After a few weeks of negotiations, Matt Haskell, owner of West Market Square restaurant Blaze, and his business partner, Evelina Kacprzkowska, have purchased downtown Bangor coffee and sandwich shop Giacomo’s from former owner Brett Settle.
Haskell said he was dismayed to see the negative public reaction to the closure of Giacomo’s, and he reached out to Settle shortly after New Year’s about potentially buying the business from him. Settle, who owned and operated the business for seven years, abruptly closed Giacomo’s on Dec. 23, 2016, laying off all his employees with little warning.
“It isn’t easy for small business people. It’s a tough business. I felt for the guy,” said Haskell. “I didn’t buy this for much personal gain, though of course, I want it to make money and be successful. But that corner needs to be open in downtown Bangor. It’s just important to have it open. It’s a point of pride.”
Haskell and Kacprzkowska signed the deal with Settle on Tuesday. They plan to reopen in early February, after some minor renovations and cosmetic improvements to the building.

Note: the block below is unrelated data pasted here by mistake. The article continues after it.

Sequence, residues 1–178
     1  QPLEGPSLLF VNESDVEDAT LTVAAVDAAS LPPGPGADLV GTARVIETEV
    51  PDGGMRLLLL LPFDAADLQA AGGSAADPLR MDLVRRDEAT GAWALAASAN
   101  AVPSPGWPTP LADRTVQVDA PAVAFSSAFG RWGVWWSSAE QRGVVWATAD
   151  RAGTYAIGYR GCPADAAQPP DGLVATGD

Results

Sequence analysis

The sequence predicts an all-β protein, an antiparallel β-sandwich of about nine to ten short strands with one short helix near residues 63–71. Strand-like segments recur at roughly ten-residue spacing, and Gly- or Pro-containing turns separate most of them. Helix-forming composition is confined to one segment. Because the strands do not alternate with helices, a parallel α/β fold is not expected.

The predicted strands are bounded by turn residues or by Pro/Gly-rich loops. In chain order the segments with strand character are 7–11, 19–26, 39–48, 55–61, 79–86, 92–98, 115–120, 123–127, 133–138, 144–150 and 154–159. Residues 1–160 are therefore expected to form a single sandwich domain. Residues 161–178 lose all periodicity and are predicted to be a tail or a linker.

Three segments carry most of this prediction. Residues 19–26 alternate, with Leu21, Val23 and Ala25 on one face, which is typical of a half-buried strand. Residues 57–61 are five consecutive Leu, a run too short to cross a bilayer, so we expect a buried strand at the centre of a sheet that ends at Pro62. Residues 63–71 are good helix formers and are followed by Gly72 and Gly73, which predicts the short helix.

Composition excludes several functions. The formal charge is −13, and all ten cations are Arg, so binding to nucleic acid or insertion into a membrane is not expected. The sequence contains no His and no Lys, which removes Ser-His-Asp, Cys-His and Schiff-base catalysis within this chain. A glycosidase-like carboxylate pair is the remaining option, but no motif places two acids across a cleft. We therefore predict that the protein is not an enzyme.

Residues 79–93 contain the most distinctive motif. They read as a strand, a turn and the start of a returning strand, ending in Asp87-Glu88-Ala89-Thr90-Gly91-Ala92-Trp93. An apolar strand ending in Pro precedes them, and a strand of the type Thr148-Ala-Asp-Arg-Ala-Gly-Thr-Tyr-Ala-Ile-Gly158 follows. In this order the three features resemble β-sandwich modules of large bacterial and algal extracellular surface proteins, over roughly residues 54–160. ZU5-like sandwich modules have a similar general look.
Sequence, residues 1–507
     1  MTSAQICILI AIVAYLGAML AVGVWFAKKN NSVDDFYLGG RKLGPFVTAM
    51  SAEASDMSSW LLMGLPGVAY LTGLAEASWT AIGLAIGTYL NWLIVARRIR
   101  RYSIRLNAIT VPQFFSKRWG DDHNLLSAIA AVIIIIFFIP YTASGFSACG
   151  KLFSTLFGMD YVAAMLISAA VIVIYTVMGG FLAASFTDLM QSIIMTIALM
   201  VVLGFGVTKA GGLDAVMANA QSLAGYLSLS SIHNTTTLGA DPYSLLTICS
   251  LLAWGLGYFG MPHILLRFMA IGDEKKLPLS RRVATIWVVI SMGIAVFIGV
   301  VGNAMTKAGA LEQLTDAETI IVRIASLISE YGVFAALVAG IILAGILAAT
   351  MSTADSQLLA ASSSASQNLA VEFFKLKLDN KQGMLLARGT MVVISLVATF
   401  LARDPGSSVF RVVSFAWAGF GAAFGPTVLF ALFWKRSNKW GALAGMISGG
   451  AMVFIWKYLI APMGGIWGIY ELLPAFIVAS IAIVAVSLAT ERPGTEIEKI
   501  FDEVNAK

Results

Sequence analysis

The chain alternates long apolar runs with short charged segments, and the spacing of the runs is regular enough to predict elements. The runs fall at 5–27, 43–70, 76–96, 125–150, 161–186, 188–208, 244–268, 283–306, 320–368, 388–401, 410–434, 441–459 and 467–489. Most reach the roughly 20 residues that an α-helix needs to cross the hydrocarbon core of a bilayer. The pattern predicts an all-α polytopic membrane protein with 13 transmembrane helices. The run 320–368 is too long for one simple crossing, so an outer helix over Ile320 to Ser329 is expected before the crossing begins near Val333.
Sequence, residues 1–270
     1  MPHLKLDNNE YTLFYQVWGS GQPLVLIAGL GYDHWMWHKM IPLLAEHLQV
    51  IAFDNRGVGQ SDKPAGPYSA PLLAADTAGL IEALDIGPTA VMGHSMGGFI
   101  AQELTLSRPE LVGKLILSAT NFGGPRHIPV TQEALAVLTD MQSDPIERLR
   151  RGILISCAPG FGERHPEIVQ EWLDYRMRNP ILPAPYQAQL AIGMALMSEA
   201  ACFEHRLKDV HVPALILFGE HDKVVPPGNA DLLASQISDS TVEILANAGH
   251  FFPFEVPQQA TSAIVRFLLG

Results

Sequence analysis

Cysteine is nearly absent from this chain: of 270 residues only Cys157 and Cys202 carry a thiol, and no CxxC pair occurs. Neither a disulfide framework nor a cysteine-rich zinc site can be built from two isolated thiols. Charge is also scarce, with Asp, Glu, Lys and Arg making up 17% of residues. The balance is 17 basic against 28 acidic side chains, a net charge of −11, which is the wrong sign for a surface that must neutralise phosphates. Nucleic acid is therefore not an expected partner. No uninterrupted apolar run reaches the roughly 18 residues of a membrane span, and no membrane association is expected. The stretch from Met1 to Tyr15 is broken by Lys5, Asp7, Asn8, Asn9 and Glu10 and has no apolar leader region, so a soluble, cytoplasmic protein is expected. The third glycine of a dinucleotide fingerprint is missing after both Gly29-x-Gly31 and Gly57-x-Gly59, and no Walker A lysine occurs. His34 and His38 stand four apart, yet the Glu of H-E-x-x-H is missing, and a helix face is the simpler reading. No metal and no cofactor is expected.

“We’re rebranding a little bit. We’re slightly revamping. It’s going to be a gourmet market alongside a coffee shop and cafe,” said Haskell. “We’re going to have a coffee bar still, and a smaller panini menu — like 10 paninis, instead of 20 — and a new chopped salad bar, where you get a piece of paper and check off what you want in it, and then we make it for you.”
The deli case full of cold cuts, wine and beer will be replaced by a small, rotating selection of cans and bottles from high end Maine craft breweries, such as Bissell Brothers and Oxbow, and a cooler full of local cheese and vacuum-sealed local meat and seafood.
Haskell hasn’t decided yet whether to keep the pizza menu, but he may reintroduce it after opening.
Whether or not the new Giacomo’s will accept the coffee cards and gift cards sold under the previous ownership remains to be seen, and Haskell said he is working on a resolution.
For coffee, Haskell plans to use Acadia Coffee Company beans, an organic and fair trade line of beans, roasted in Bar Harbor. The drip coffee will remain, as will the espresso bar.
Haskell said he isn’t sure what will happen, but he’d like to keep the enormous mural hanging from the ceiling above the deli counter — a rather morbid but eye-catching painting depicting the 1937 shooting by FBI agents of wanted criminal Al Brady out on Central Street, just a few feet from where Giacomo’s now stands.
“I know it’s kind of dark, but it seems like it’s a part of the place,” said Haskell. “It shows Bangor history. I like that.”